About 1-2% of all NHLs are this type of fast-growing, medium-cell lymphoma. Most patients are around 30 when diagnosed, and almost 90% are men. Strongly associated with infection with the Epstein-Barr virus, it often strikes abdominal organs, including the spleen, ovaries, and testicles, ultimately spreading to both brain and spinal fluid. In Africa, the tumors usually affect the jaw and facial bones. Despite the speed with which it grows and spread, aggressive chemotherapy can result in a cure for over 50% of Burkitt’s lymphoma patients.

Marginal Zone B-Cell Lymphomas

Making up 5-10% of all lymphomas, this small-cell NHL is subdivided into three specific varieties:

  • Extranodal marginal zone B-cell lymphomas or mucosa-associated lymphoid tissue (MALT) lymphomas: Patients with MALT lymphoma tend to be around age 60. Rather than striking lymph nodes, this type of NHL usually originates in the stomach, or occasionally in the lung, skin, thyroid, salivary glands, or around the eye. Bacteria or viruses may be associated with MALT lymphomas. For example, those in the stomach may be linked to the ulcer-causing bacteria Helicobacter pylori. In fact, antibiotics are a first-line treatment for MALT lymphoma of the stomach, and may affect a cure. Thanks to their slow growth, many MALT lymphomas can be cured at early stages.
  • Nodal marginal zone B-cell lymphoma: While not quite as slow growing as MALT lymphoma, this type of lymphoma is still reasonably leisurely in its growth patterns. This characteristic allows it to be cured at early stages. This type of NHL tends to be confined to the lymph nodes, or occasionally the bone marrow.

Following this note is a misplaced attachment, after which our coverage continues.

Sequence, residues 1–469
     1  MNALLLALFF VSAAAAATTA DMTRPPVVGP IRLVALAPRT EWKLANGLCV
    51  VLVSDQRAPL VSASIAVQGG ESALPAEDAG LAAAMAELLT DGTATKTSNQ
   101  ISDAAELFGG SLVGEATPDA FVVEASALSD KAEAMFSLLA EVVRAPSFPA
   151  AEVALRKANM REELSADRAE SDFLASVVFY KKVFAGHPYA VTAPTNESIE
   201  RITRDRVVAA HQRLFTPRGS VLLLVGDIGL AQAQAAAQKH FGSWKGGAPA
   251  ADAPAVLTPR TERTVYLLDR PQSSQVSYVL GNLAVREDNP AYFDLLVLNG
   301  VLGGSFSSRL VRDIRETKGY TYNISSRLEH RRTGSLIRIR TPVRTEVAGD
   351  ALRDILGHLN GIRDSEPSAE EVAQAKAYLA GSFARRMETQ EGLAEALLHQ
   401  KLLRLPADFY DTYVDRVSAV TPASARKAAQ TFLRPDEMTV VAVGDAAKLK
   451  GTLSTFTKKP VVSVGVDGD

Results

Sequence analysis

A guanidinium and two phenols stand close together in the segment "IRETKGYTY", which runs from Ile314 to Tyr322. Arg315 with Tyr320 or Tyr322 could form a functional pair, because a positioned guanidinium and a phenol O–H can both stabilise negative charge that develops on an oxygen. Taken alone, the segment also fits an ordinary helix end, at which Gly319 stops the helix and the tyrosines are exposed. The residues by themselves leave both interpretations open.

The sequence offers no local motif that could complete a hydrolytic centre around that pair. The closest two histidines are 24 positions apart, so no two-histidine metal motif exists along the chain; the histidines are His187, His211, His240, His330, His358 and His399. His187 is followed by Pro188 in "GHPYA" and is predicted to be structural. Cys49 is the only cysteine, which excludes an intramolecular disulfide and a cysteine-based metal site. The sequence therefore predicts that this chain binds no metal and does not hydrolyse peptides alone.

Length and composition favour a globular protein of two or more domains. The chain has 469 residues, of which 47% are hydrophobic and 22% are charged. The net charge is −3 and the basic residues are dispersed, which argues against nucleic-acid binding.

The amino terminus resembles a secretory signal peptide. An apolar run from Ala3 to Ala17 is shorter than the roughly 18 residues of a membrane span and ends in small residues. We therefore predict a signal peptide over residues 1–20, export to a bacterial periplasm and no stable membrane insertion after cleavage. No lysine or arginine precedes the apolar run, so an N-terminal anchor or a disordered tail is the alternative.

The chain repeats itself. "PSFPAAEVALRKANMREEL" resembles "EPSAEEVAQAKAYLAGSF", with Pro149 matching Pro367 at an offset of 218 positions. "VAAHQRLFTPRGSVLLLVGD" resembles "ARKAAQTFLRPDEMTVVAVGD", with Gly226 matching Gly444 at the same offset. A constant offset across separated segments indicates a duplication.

• Splenic marginal zone B-cell lymphoma: A more rare form of NHL that tends to strike elderly men, the abnormal cells are primarily located in the spleen and bone marrow. Very slow growing, treatment may be delayed unless the patient develops problematic symptoms.

Primary Central Nervous System Lymphoma

This type of lymphoma most commonly afflicts individuals with immune system disorders. Per its name, this rare lymphoma starts out in the brain, spinal cord, the tissues that surround the spinal cord or the eye (where it may be called intraocular lymphoma). It can spread throughout the CNS. With treatment, some patients may live for five or so years after diagnosis.

Lymphoplasmacytic Lymphoma

(Waldenstrom Macroglobulinemia)

Reasonably uncommon (1-2% of NHL), this small cell lymphoma crops up in the bone marrow, lymph nodes, and spleen, growing slowly. The abnormal cells produce a large, protein antibody called immunoglobulin M (IgM) which thickens the blood, cutting down on blood flow to organs such as the eye (interfering with vision) or brain (causing headache, dizziness, confusion). Patients with this type of lymphoma often feel very fatigued, and may have an increased tendency to bleed. Treatment can prolong life, although it rarely cures this condition.

Disclaimer: This website is provided by Cancer Monthly, Inc. The website provides general information only and should not be used for diagnosing or treating a health problem or disease and it is not a substitute for professional medical advice, examination, diagnosis or treatment. You should always seek the advice of your physician or other qualified health professional before starting any new treatment or making any changes to an existing treatment. You should not delay in seeking or disregard medical advice based on information on this website.